Yesterday our new BNI leadership team got its official training for the new BNI year that begins on Thursday. The Director of BNI Central Valley came down for the 3 hour training, and we met at a local business’ conference room.
I have to say that I am really impressed with the quality of BNI ideas and training. Part of the reason that BNI is so successful is that they invest heavily in keeping members trained and up to a certain (expected) standard of performance.
New members have to receive MSP (Member Success Program) training in order to be able to do the extended 8–minute infomercials. The MSP program gives some basic information and skills. It helps you to form your ideas for your infomercial so that it is as effective as it can be.
Occasionally an area BNI chapter will host a 2–hour conference on some subject relative to marketing business. BNI members are encouraged to attend and to think of it as attending a marketing meeting for your company where all the attendees are members of your marketing department.
BNI leaves nothing to chance. Everything that is done has a purpose, and that is to make each member as effective a marketing agent as possible. Which makes me wonder why more organizations, including churches, do not invest in the training of their people in the same way.
Our Tennessee grandchildren are visiting us this week. Every Christmas Bev makes a contribution in their name to the Heifer Project, and she wanted them to be able to see first-hand what Heifer does.
HP is a non-profit organization that donates animals to people around the world who need a way to provide food and income for their families. A heifer, for example, would provide milk and cheese for a family. The heifer’s first calf would also be donated by that family to another family so that the blessings are passed on.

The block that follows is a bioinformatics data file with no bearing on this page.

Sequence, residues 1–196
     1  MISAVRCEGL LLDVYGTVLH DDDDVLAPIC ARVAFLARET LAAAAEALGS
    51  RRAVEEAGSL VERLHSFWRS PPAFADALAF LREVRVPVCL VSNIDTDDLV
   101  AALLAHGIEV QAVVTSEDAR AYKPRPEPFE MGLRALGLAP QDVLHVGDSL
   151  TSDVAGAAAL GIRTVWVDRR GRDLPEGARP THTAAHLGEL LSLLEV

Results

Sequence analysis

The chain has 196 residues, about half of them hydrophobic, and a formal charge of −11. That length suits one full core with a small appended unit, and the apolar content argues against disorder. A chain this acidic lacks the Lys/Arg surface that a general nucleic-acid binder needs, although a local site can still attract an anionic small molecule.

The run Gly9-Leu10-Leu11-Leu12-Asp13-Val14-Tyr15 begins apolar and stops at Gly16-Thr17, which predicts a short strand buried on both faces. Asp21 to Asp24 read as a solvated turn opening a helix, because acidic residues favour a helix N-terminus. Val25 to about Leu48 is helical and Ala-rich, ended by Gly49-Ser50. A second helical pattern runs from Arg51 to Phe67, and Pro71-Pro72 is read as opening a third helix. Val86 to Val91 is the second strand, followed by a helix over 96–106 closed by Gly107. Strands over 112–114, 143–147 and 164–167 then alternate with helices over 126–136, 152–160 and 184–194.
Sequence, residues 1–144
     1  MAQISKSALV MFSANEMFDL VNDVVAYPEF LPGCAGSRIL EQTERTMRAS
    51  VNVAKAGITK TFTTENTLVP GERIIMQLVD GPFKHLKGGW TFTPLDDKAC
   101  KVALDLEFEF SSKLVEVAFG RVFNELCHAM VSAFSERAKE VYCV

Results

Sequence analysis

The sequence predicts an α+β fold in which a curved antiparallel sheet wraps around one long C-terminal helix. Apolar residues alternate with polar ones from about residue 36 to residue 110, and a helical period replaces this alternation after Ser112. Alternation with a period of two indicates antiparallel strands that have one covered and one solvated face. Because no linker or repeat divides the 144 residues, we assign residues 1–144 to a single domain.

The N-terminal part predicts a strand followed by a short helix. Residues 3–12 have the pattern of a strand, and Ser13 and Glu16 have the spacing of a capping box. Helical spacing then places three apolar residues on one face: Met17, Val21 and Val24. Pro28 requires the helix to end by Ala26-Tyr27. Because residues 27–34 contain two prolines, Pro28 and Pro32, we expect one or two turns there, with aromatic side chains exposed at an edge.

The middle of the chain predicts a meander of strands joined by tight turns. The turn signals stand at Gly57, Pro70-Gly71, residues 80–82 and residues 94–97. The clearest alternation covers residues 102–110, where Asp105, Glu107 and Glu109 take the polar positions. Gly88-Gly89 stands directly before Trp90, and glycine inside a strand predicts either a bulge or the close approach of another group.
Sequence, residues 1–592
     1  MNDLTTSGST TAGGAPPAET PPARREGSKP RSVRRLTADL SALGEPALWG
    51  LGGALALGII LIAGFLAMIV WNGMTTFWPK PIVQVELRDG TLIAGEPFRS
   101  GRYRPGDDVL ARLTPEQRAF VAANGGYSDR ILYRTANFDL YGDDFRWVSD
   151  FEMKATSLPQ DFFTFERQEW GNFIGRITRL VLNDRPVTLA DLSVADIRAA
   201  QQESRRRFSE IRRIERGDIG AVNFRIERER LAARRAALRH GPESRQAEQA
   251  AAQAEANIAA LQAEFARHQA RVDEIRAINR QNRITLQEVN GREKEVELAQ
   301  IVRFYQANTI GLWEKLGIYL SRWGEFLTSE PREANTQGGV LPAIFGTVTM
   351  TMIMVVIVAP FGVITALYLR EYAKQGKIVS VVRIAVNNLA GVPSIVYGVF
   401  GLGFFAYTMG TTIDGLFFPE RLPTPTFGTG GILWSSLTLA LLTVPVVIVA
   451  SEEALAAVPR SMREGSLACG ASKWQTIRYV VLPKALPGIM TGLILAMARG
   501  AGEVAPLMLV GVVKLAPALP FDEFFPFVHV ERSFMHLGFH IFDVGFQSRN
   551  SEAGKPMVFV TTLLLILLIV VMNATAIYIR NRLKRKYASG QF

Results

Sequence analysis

Continue reading Heifer Project →
The Merced County Fair begins this week. Every year the Fair sponsors a business connector for the three Chambers of Commerce: Hispanic Chamber, County Chamber, and Greater Merced Chamber. It is a really excellent way to meet people and network.
Continue reading Business Connector →
I hear it all the time. It comes in some version of “it was meant to be.” People who are not God followers tend to talk about fate or some amorphous Cause that created a situation.
Believers credit God with the green car they just bought or the perfect job they just got. The Christian version of it-was-meant-to-be is “God told me to do this.” Oh really?
This is not a diatribe against being thankful to God for answered prayer. The Bible actually encourages us to give thanks in all circumstances. However…
Continue reading It was meant to be…. →
“The only thing worse than training your people and having them leave is not training them and having them stay.” Henry Ford.
Organizations that do not train their people are poured in ideological and methodological concrete. In some respects they are like a university that never allows research or thought that is dated after a particular time. This effectively freezes all learning, and the university (or organization) gets no benefits from new discovery.